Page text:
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VMware updates vSAN with multi-cloud customers in mind

VMware is appealing to customers with SDS that offers flexibility in terms of hardware and cloud deployment, as well as new features like native encryption.

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Image: David Jensen/VMWare

VMware on Tuesday announced the latest version of vSAN, its software-defined storage platform, with features like native hyper-converged infrastructure (HCI) security (an industry first), intelligent operations that bring down the total cost of ownership (TCO), and support for the latest hardware and applications.

The Palo Alto company has been releasing new versions of vSAN about every six months, and version 6.6 includes more than 20 new features. Some of those key updates give customers the sort of flexibility they'll need as they move toward a multi-cloud environment, said Lee Caswell, VMware's VP of products, storage & availability.

For instance, with native encryption for data at rest, customers can use any vSAN-certified hardware they want -- they no longer have to rely on expensive self-encrypting drives (SEDs). Native encryption is necessary for some customers interested in bringing HCI into their mainstream datacenters, after using it on edge applications like remote office.

"Longer term, this is the same encryption we're building into the public cloud and into our vCAN partners," Caswell said. With common encryption independent of any of the hardware, the vSAN architecture allows customers to share secure data across the hybrid cloud. "That's a necessity of being multi-cloud," he said.

Customers also have a range of choices for deploying their HCI software on or off premises, including options from 15 major server vendors. While VMware only supports its own hypervisor, vSphere, Caswell said it's more critical for customers to have choices when it comes to hardware -- something HCI competitors like HPE aren't offering.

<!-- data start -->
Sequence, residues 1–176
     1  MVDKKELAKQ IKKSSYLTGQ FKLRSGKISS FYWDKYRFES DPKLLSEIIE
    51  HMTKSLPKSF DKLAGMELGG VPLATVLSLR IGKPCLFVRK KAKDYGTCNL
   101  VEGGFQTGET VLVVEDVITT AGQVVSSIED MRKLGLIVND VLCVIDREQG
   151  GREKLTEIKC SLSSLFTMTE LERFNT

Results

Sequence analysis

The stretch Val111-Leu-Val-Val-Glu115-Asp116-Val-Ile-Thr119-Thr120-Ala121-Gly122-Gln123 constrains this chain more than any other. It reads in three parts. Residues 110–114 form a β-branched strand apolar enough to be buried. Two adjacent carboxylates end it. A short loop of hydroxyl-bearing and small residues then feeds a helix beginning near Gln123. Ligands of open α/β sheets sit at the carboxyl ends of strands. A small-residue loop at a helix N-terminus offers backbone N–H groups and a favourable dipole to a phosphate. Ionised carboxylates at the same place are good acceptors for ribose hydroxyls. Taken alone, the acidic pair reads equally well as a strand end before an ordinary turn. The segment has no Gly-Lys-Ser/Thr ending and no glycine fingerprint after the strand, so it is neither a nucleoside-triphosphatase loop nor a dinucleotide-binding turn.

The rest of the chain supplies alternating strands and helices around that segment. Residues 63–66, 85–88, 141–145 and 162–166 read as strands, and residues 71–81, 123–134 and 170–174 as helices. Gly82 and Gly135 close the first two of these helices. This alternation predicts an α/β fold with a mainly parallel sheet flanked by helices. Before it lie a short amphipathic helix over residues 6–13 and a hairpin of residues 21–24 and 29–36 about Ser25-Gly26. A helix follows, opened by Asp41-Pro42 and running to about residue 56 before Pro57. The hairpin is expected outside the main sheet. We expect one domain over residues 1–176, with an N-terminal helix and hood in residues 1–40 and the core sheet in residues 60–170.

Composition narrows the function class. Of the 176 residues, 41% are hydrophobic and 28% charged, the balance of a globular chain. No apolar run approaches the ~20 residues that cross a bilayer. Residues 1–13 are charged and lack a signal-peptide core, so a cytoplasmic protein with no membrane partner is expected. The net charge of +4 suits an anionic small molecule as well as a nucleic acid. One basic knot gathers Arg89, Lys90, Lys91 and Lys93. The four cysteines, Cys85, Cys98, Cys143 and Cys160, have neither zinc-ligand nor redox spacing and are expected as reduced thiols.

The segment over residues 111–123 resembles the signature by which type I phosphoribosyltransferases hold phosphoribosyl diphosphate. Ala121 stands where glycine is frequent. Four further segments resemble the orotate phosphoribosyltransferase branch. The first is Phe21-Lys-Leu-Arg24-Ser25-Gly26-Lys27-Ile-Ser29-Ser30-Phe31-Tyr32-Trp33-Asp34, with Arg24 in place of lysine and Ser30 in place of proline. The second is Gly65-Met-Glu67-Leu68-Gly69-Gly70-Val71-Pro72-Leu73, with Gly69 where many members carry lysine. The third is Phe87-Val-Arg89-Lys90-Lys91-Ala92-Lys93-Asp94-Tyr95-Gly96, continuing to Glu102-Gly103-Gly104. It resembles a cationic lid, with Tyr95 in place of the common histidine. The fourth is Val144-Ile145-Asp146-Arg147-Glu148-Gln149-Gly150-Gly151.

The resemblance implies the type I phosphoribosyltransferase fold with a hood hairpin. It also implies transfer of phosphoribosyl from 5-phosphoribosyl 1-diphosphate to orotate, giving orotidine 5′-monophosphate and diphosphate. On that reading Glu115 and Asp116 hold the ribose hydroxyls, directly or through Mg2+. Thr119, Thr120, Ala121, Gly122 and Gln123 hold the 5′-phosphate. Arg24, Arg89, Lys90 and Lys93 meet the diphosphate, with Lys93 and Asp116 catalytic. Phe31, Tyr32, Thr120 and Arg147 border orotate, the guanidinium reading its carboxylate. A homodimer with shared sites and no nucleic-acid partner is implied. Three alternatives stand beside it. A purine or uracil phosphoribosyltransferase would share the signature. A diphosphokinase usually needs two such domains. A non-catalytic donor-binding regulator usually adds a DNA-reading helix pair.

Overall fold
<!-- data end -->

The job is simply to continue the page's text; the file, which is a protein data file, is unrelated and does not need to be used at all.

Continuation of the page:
Customers, he said, "want to choose the server vendor they have based on their approved server list, existing purchasing decisions, the latest technology available -- they expect to have choice." Enterprises are consolidating the equipment they want to manage themselves, and they're conscious about their on-premise investments versus cloud investments.

"Flexibility in server hardware... extends into multi-cloud," he said, "because some of that server hardware might be sitting in Amazon or IBM Softlayer."

VMware's software stack is already available on the IBM cloud, and later this year, VMware will be the only HCI company available on Amazon Web Services.

"What we believe is that most enterprise customers -- all -- will be using multiple clouds," Caswell said. "The real value is to make sure our software stack is available in the public cloud."

vSAN 6.6 should also help IT departments keep budgets low with enhanced Stretched Clusters that protect against both site and local component failures, cloud analytics to help optimize a vSAN environment, and automated hardware maintenance.

Generally speaking, hyper-converged infrastructure can have economic benefits related to management and personnel as well, Caswell noted. Now that it's possible to manage complex storage with virtualization administrators, "you've got an opportunity to move to a storage generalist model as opposed to a storage specialist, and that's changing the economics for customers," he said.

The economic benefits explain why, when the storage market overall is declining, companies continue to increase their investments in SDS. VMware, for its part, says it now has more than 7,000 customers using its HCI software.

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